Having a baby is bliss as you have a creature who has little of both you and your partner. However, having a baby is also challenging. One day you are two and the other day you are three. You won't be able to spend time with each other like before.
There will be times when you and your partner will be having disagreement and conflicts. Both of you will be going through emotional struggles.Why Do New Parents Go Through Emotional Issues
A study done on parenting by Professor Claire Hughes, from Cambridge's Centre for Family Research, highlights the need for considering the emotional well-being of both the parents to determine the behavioural and emotional influence of the child . The child's emotions and behaviour were then studied at the age of 14 and 24 months to determine the kind of behavioural issue the child may develop in the upcoming years.
It was later found that the well-being of first-time expectant mothers affected the child's behaviour directly until the child turned two years old. Mothers going through stress, frustration, and prenatal stress delivered the child who later showed behavioural issues such as restlessness, volatility, throwing tantrums, etc.
Below are the reasons why parents become emotionally vulnerable:
One stops caring for self: Since the newborn requires intensive care and affection, parents, especially mothers, give most of the time to their children. There is no fixed time for newborns to feel hungry or poop. Mothers have to be on their toes to feed and do the needful for their children. This consumes a major time of the mothers. They don't get time for themselves. This can trigger anxiety and irritation among mothers.
Lack of physical intimacy: It is quite obvious to lavish the entire time on the crying newborn. This leads to tiredness and lack of sleep. Moreover, after having a newborn, couples do not prefer indulging in physical intimacy and prefer being with the child. However, this might lead to frustration and a feeling of getting neglected.
Different parenting strategies: Both the mother and father come from different environment as they have been raised differently. It is obvious that both of them want to give the best to their kids and, therefore, one parent's fast-and-loose style of child-rearing might be at odds with the other parent's more focused and disciplined approach.Why Children Get Affected By Seeing Their Parents Fight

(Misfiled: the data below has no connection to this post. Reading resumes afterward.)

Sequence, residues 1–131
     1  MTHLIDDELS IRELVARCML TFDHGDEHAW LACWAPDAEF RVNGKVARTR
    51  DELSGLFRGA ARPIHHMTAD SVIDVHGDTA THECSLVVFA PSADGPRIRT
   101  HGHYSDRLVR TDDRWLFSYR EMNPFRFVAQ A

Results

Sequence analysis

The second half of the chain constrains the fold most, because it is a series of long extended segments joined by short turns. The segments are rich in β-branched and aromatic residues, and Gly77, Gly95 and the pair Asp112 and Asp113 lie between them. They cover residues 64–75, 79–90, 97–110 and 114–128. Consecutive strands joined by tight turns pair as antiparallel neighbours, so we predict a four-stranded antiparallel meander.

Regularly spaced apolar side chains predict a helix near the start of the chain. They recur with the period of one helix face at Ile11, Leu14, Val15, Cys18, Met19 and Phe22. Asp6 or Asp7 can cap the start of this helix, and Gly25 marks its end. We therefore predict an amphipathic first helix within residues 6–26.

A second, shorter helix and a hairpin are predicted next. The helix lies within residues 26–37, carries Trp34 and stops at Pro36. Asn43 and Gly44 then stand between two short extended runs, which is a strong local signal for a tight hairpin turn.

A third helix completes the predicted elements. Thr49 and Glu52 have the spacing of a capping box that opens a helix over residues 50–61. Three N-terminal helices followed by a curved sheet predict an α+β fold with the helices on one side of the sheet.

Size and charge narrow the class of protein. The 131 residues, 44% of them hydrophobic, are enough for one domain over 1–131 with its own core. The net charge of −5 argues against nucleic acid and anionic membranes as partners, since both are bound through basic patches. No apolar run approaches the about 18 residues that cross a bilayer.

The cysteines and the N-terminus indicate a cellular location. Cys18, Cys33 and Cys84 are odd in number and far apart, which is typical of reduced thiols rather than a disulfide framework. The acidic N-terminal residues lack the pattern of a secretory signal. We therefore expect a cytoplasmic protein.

Though fights are a part of every relationship, young children get affected after seeing their parents quarrel with each other. According to some scientists, "Young children can pick up on their parents' relationship problems - leaving them more likely to worry or scare easily."
As a result of the emotional struggles experienced by expecting parents, children might have some behavioural problems. Not only this, children learn from the way their parents react and respond to a certain situation. If parents are always screaming and playing the blame game, children will do the same.
Prof Claire Hughes has said, "For too long, the experiences of first-time dads have either been sidelined or treated in isolation from that of mums . This needs to change because difficulties in children's early relationships with both mothers and fathers can have long-term effects."What Behavioural Issues Are Being Faced By Kids
Some children who are of two years old and above might exhibit some common emotional problems such as unhappiness, anxiety, and fear. In addition to this, children might become short-tempered and stubborn. These behavioural issues are due to the prenatal and postnatal emotional struggles, lack of happiness, and emotional conflicts faced by their parents in their relationships.The Findings
A report was published in the Development & Psychopathology conducted on 438 first-time parents who shared their experiences of emotional struggles before and after their child completed 4th, 14th and 24th months.
The parents were interviewed in-person and were asked standardised questions. The parents reported how they went through depression and anxiety during the second and third trimester of their pregnancy. This continued even when their children were born and were of 4, 14 and 24 months. Parents also mentioned the kind of relationship they had with their children along with the behaviour exhibited by their children.
Prof Hughes said, "Our findings highlight the need for earlier and more effective support for couples to prepare them better for the transition to parenthood."
He further said, "genetic factors are likely to play a role but they accounted for parents' mental health difficulties prior to their first pregnancy and after their child's birth."